On Sunday evening (19th April), we agreed among ourselves to do Boot Camp on Tuesday and Thursday this week. Five of us confirmed that we would attend the Tuesday session, and since it is my week to coordinate, I duly informed George our trainer, that we would meet on Tuesday from 5 to 6 pm. He wrote back to say that we should be ready to ramp up the strength training, and that was the last I heard from him.
Yesterday evening, I got to Joy’s office at about 4:45 pm and George was no where in sight. I dressed up in my work out gear, and started earnestly hoping and praying the he had forgotten about the Boot Camp. At the same time, in order not to miss out on the work out all together, I started planning what we old do in case George did not show up. I figured that we would do a few sprints up and down the steep drive way, and then go home after about ten minutes.
As I was still plotting the very brief workout, George arrived. He parked his car, opened his window, smiled at us and immediately said “I know you were wishing that I had forgotten to come.” Either that man is a mind reader, or something in my facial expression gave my earlier thoughts away!
This time, he didn’t pull any equipment out of his car, as is his usual practice, so I was left wondering as to what kind of strength training we were going to do. He asked my brother to hop onto his back and then he carried him up the steep drive way and back! We could not believe that was what we were going to do! I was next. He asked me to carry Penny on my back and when I was done, he asked Michelle to carry me on her back. Michelle and I laughed so hard. The exercise was totally unbelievable! We stopped there with carrying each other and went on to do other exercises.
We did 150 jumping jacks – 50 at a time, with a brief rest in between. We did ten slow jumping jacks and ten fast ones, and repeated that rhythm till we counted to fifty. By the time we were through, our hearts were racing, and that’s when George said our hearts were going to feel us. With that statement, we knew we were in for a hard workout!
We did quite a number of press ups – about 120 in all, spread across the work out. I still haven’t quite gotten the hang of it. Some times my arms give way and I collapse under my own weight, and at other times I can’t go all the way down in a proper press up. But I keep trying what I can. We then jumped logs – seven in a row. After that, we each stood facing a log, and then had to do a burpee, jump the log, then do another burpee on the other side of the log and jump back. We did this ten times. We ran and did more press ups. Then we did frog jumps. When it was my turn, I sort of half sat/half fell on my little brother’s back, and that was the end of that exercise.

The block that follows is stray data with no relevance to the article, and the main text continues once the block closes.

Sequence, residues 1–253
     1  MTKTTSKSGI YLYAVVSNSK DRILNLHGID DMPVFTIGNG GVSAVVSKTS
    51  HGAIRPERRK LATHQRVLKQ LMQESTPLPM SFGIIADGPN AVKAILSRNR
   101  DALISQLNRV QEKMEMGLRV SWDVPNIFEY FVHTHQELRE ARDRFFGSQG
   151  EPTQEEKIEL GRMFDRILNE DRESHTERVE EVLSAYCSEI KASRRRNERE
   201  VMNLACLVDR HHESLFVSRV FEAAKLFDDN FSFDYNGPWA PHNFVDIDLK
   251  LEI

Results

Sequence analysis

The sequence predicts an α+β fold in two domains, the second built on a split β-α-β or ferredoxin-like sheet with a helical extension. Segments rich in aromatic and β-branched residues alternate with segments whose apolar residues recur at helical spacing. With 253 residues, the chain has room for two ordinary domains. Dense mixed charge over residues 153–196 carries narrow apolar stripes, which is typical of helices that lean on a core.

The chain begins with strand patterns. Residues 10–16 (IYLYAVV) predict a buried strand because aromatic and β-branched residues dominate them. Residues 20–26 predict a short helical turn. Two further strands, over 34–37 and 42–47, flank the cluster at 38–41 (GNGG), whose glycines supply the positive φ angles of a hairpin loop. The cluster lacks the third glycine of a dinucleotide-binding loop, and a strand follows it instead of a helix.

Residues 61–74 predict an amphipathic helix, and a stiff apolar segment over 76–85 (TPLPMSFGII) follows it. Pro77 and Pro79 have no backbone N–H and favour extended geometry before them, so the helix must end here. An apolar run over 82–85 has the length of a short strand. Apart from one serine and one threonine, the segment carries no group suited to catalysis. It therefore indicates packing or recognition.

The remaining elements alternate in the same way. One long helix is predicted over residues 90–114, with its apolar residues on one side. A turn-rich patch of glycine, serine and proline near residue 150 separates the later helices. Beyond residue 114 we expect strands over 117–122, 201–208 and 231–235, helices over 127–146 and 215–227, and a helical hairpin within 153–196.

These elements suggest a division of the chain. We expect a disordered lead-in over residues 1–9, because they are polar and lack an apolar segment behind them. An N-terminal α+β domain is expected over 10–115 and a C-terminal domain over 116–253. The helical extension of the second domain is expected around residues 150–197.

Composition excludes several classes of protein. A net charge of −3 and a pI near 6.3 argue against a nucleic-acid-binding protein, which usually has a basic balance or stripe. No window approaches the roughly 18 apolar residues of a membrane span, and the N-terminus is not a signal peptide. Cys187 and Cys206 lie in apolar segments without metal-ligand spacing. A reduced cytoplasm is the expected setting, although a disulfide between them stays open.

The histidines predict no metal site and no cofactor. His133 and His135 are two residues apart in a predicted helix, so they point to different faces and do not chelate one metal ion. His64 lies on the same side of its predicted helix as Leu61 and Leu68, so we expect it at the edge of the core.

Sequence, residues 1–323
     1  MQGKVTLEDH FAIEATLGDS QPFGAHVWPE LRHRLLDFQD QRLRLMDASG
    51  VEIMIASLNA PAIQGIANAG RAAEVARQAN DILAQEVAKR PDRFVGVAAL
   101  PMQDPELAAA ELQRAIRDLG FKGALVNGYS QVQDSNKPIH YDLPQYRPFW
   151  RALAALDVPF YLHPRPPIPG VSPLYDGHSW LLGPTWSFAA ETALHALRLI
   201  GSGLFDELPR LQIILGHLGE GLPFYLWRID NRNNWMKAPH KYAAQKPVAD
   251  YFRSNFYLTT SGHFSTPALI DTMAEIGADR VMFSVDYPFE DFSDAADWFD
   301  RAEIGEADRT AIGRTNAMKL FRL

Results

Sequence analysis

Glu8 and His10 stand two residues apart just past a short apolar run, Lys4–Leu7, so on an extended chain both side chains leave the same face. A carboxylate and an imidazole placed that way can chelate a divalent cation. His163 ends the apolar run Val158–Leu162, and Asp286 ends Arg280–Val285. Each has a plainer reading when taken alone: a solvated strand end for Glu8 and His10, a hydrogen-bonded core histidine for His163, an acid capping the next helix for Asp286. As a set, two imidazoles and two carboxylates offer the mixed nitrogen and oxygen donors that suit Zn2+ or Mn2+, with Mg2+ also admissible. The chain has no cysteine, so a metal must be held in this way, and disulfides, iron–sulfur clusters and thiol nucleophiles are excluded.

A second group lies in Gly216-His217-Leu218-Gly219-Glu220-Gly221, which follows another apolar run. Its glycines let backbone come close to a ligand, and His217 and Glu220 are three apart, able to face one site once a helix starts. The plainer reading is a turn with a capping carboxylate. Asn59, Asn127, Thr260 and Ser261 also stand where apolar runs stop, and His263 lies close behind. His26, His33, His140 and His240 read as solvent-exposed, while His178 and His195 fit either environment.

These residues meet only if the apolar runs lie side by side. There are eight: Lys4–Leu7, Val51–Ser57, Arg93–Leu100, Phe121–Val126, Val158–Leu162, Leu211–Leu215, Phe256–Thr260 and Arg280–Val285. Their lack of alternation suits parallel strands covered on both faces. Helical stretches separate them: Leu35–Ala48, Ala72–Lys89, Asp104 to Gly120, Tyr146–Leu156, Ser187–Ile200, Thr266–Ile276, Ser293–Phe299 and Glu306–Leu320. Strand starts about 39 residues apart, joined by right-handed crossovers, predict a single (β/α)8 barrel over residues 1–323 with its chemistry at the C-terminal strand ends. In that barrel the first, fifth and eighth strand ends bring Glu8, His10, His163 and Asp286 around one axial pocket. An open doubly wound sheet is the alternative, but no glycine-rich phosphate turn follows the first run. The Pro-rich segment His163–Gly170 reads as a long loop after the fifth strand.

We then jumped stairs – two at a time (6 stairs in all), and we did this ten times. Next did what George calls the dance. This is a quick sort of shuffle while doing a light jump on a step, and you pick up the pace. We did the dance, and did some press ups in between. And just when I thought the session was coming to an end, George made us run up and down the steep drive way five times.
By the end of the exercise we were totally exhausted, but also totally grateful that we did the session. For me, each session is a count down to the mountain climb. Each session also presents the opportunity to learn something new. Today’s big lesson for me was about trust. You cannot allow someone to carry you if you don’t trust them, and I am glad these work out sessions that we do together are slowly helping us build trust with each other, because maybe, just maybe, when we are all we have up there in the mountain, we will have to trust that we will carry each other – not physically, but in other ways – to be able to support each other fully.
The other lesson I learnt was that a lot of what limits us is in our mind. Like my leadership coach put it to me so ably yesterday morning: “We use our minds to torment ourselves, we can use the same minds to free ourselves.” Very often, when George introduces a new workout routine, our first response is to say we can’t do it, because in our eyes, it seems too hard to do. But he always reminds us that our perception of inability is in the mind, and we have to overcome that mindset if we are to take on a new challenge and grow.
So the mental note I wrote to myself as we ended the session yesterday was: may I learn to trust my team mates more, and may I learn to overcome the perception of the impossible and continue to shatter my limits.